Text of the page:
For: Hospital Nursing Unit
Increases in supply costs had raised awareness of how hospital supplies are distributed, inventoried, and replenished. A key area in which supply management has been cumbersome is on the nursing units, where large volumes of supplies are used and stored. Although the cost per supply is lower than other departments, the sheer volume of supplies drew attention to these units. Each nursing unit had several oversized storage cabinets that made it difficult for the staff to attain supplies in a timely manner for their patients. In addition to the difficulty of retrieving supplies, the storage cabinets were rented at a high monthly cost.
To ensure the pilot nursing unit was ready for their supply replenishment process to be analyzed and improved, a preliminary project was set up to clean and reorganize the work area. This introduced the staff to the 5S and Visual Workplace methodologies and prepared them and their work area for revamping the supply replenishment process. During the preliminary project, unneeded items were removed, and the remaining items reorganized to improve space utilization.
Once the department reached a level of workplace organization that made communication second nature, the current stock of supplies was assessed. The improvement team created a spreadsheet identifying the key attributes of all supplies in the area, including reorder quantity, lead time, and physical specifications. Supplies were grouped into like categories (e.g., admission supplies, IV supplies, and so on). The group decided to store supplies in a bin-type inventory system with larger items on wire racks.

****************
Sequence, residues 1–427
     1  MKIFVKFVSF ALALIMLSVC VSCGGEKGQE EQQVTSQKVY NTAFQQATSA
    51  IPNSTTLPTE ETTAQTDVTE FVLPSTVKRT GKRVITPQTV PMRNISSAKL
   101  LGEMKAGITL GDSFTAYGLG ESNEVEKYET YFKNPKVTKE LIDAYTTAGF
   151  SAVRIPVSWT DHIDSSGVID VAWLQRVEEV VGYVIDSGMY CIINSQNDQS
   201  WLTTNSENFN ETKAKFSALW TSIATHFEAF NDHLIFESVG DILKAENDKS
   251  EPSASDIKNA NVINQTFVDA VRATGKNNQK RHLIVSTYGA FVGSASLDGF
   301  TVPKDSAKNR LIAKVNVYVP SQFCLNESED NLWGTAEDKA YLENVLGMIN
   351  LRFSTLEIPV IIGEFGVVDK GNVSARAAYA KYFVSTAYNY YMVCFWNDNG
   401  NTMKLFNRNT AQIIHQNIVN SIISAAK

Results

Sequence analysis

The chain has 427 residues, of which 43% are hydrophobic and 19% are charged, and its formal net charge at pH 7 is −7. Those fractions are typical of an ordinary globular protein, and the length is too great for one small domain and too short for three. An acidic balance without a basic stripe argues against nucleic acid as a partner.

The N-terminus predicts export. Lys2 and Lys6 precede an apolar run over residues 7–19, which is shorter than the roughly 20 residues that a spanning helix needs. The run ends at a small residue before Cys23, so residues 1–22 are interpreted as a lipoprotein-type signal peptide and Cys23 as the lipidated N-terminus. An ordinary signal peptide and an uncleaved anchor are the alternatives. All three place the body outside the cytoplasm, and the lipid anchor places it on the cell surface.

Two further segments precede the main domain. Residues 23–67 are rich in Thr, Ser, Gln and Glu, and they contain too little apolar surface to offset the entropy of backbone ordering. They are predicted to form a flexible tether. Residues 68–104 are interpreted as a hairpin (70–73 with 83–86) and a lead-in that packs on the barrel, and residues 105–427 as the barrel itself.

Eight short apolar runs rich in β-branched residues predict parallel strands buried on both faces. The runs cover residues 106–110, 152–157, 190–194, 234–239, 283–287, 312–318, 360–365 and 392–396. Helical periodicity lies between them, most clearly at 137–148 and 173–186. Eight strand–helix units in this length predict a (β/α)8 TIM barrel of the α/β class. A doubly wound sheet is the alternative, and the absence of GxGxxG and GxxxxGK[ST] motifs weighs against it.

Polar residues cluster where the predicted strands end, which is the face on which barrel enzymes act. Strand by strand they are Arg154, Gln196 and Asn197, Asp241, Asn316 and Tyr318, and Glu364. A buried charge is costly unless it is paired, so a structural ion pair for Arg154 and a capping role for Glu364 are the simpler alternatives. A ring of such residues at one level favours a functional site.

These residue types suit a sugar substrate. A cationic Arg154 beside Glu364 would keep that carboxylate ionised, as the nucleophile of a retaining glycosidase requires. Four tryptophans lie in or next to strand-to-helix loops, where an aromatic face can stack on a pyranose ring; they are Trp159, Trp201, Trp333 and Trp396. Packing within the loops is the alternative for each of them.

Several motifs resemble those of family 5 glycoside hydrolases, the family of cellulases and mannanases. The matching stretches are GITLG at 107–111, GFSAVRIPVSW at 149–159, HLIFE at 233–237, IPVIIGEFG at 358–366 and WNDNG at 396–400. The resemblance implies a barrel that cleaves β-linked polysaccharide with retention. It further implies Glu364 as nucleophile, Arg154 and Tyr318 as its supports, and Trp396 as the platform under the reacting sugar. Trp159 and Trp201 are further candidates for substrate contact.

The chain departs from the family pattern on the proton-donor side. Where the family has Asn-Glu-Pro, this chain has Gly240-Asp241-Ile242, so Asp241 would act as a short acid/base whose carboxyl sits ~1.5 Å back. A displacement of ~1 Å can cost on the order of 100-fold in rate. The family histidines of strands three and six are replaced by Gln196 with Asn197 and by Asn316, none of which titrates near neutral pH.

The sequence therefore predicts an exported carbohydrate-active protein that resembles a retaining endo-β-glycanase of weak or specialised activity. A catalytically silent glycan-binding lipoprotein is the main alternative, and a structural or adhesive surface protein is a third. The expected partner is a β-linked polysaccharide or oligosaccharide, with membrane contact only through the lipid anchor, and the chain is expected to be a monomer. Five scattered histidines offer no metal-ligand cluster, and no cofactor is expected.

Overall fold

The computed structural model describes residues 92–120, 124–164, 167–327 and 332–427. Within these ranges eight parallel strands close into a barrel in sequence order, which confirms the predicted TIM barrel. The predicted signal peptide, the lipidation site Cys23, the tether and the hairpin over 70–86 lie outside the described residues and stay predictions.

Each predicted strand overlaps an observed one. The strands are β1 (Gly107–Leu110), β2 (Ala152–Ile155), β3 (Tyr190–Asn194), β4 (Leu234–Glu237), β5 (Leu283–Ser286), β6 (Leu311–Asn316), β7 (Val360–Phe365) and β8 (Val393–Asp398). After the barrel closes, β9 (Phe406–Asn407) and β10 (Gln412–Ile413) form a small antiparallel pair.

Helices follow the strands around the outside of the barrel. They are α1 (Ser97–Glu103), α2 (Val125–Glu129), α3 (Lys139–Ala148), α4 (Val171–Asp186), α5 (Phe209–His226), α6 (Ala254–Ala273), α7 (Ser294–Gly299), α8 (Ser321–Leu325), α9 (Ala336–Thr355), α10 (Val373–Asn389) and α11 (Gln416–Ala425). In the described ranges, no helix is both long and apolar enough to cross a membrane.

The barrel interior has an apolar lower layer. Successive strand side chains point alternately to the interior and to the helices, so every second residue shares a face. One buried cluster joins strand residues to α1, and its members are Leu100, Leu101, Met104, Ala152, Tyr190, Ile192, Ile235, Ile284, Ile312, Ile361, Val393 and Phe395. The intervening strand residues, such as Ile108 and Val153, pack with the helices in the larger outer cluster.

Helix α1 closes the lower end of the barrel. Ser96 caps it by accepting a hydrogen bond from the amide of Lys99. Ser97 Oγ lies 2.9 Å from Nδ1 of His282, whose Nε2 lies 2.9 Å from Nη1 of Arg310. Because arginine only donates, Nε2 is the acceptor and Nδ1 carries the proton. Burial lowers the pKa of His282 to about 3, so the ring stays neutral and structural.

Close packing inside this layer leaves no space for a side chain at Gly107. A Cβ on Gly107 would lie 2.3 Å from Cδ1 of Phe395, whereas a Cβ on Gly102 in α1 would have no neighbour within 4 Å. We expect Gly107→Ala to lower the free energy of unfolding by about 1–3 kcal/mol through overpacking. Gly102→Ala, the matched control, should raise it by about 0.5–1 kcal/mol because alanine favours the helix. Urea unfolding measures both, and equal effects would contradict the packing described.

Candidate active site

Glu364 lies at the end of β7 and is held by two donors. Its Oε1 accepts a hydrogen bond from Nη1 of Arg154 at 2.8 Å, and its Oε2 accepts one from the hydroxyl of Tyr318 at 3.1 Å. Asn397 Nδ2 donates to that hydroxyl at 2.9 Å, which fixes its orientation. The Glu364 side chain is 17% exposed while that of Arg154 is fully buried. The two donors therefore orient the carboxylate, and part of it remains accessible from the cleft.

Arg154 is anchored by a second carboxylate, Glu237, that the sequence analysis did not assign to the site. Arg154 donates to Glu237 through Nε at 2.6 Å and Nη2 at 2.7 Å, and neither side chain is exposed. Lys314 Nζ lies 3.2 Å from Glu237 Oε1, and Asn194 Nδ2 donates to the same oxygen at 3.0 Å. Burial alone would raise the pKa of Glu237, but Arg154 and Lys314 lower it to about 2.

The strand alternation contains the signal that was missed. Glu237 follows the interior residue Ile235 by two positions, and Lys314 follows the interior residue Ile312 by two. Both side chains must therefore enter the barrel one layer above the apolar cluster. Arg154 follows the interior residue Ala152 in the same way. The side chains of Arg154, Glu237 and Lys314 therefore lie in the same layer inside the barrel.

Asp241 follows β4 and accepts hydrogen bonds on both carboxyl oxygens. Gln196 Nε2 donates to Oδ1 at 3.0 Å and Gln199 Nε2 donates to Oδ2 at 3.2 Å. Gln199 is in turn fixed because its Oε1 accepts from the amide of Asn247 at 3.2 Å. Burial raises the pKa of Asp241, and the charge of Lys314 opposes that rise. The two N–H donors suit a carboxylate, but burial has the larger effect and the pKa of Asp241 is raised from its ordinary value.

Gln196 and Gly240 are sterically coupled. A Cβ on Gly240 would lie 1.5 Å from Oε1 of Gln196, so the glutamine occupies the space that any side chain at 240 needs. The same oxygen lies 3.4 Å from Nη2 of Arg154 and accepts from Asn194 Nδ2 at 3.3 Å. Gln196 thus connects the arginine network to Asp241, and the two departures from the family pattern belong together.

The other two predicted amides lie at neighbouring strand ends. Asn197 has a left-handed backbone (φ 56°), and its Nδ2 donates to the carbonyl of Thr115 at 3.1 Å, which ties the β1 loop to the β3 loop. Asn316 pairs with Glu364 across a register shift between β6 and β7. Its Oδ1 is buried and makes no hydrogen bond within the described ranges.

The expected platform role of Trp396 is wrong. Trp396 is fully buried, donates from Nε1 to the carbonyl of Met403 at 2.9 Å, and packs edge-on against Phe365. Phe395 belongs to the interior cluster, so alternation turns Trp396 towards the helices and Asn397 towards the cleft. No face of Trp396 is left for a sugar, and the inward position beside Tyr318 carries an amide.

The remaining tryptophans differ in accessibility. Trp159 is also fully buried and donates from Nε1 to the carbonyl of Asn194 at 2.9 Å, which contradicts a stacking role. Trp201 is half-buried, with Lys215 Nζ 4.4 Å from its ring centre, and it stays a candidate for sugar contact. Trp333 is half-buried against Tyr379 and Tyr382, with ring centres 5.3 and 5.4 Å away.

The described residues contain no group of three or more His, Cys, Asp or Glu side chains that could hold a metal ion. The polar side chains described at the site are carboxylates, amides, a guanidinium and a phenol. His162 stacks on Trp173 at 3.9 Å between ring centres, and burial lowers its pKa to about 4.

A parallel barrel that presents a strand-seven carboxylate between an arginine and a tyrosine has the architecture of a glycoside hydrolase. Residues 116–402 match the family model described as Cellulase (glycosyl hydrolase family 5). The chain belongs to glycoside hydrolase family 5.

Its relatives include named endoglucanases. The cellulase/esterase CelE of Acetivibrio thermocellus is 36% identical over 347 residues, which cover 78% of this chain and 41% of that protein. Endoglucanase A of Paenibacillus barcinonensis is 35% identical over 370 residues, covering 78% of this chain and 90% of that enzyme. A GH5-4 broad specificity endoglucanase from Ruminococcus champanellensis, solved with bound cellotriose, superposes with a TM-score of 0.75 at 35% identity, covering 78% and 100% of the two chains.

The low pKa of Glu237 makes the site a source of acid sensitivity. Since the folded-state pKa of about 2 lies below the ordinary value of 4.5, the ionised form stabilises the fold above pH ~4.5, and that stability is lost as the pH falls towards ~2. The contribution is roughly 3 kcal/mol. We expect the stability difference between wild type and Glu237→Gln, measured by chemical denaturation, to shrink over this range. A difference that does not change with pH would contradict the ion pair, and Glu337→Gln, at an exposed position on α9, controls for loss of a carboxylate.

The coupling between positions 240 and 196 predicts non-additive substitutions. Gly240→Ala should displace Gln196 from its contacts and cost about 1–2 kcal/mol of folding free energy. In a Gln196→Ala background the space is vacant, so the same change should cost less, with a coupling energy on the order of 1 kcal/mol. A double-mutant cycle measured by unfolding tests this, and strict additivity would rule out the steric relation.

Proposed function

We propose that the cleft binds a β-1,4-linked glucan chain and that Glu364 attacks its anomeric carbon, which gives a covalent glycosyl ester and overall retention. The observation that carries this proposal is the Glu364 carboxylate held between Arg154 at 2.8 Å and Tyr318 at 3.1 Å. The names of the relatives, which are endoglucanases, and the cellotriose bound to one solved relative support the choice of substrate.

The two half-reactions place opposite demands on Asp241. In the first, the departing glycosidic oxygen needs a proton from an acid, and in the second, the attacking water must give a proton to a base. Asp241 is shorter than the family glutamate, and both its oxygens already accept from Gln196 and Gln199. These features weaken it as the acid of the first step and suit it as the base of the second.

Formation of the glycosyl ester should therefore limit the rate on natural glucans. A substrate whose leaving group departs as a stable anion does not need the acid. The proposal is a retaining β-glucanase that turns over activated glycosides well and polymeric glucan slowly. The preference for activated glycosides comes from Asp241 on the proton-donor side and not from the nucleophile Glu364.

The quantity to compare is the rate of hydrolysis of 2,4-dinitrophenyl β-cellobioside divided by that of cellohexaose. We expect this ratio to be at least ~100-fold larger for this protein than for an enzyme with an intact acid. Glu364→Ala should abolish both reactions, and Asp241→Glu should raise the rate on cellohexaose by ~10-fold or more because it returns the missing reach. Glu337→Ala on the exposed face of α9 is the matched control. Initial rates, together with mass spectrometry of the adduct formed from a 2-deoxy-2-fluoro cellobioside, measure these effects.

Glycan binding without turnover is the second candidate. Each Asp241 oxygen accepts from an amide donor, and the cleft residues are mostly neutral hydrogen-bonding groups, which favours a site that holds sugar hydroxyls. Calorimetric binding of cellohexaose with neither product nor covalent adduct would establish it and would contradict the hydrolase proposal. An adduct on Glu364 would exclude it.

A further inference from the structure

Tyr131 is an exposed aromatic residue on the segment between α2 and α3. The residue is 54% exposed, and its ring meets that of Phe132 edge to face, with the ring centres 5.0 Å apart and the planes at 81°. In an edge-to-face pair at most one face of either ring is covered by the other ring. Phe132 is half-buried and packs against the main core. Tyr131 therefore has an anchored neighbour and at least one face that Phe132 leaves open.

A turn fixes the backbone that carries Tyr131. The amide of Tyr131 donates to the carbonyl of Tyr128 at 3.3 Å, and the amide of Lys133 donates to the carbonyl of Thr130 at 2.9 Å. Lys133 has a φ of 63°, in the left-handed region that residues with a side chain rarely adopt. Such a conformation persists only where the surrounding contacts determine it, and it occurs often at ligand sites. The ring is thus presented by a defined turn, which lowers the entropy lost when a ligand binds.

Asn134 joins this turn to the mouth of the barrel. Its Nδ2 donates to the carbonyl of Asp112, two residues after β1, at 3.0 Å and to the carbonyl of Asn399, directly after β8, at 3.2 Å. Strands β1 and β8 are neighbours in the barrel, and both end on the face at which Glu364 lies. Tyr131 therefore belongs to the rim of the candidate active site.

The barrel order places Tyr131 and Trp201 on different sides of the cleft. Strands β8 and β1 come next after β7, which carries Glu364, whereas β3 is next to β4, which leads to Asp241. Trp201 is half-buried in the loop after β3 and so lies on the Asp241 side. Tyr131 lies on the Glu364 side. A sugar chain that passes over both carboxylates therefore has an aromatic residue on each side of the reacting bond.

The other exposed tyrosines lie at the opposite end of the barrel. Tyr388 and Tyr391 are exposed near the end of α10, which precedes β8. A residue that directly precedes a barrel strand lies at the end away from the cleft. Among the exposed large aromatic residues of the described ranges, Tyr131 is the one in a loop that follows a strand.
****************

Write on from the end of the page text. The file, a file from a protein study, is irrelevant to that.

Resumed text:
A unique location was designated for each item. With the help of a Productivity Healthcare consultant, the supply chain and nursing unit teams built a remote mockup of the new nursing unit supply room with supplies inventoried in categories/bins for easy rotation and replenishment. In addition, a new “kanban” (or card) replenishment system was devised. With a kanban system, a “reorder” card is attached in front of each supply bin location. The bins are divided in half, and items are pulled from the right-hand side until that side is empty. The reorder card is then placed on a “to be ordered” hook on the replenishment board located on the supply room wall. The staff continues to pull supplies from the left side of the bin until a replenishment order arrives.
The supply management team periodically scans all cards on the “to be ordered” hook and moves them to an “on order” hook. When new supplies are received, they are married with the correct cards and placed into the appropriate bins. Any supplies remaining on the left side of each bin are moved to the right side and the replenishment stock is stored on the left side. In this way, stock is rotated to prevent supplies from reaching their expiration date.
To ensure sustainment, key metrics were tracked including number of stock-outs and number of replenishment cards not pulled properly. Each time a metric was not met, the problem was investigated, the root cause determined, and a solution was identified and implemented.
After resolving all issues in the test site, the team converted the existing supply room to the new system.
Improvements, Benefits, and Key Outcomes
The outcome of this project resulted in numerous cost savings for the hospital, along with reduced frustration for the staff in gathering supplies for their patients. In addition, supplies ordered from the department were transferred into the new process, eliminating staff time spent ordering supplies.
Other Key Improvements and Outcomes:
- the ongoing reduction of inventory cost >$50,000
- reduced stock-outs by 90%
- elimination of expired product on nursing unit
- improved staff efficiency and morale
- improved patient satisfaction.
- 3 months